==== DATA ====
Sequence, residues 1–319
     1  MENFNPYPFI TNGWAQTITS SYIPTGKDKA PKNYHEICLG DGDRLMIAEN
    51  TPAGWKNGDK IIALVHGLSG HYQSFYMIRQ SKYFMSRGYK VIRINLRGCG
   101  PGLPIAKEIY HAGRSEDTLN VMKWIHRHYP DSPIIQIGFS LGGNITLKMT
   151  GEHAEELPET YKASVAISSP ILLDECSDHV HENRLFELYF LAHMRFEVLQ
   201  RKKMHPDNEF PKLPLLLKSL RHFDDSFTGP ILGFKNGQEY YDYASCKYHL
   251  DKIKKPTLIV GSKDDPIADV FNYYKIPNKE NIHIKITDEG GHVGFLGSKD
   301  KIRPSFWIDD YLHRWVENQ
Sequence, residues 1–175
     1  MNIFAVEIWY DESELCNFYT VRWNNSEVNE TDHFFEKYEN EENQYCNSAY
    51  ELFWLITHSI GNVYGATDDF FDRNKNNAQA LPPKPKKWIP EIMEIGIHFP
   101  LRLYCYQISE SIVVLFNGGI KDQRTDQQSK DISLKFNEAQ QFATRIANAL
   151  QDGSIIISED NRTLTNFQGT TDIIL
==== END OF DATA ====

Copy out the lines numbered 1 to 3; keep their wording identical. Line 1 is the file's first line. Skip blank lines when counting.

Sequence, residues 1–319
     1  MENFNPYPFI TNGWAQTITS SYIPTGKDKA PKNYHEICLG DGDRLMIAEN
    51  TPAGWKNGDK IIALVHGLSG HYQSFYMIRQ SKYFMSRGYK VIRINLRGCG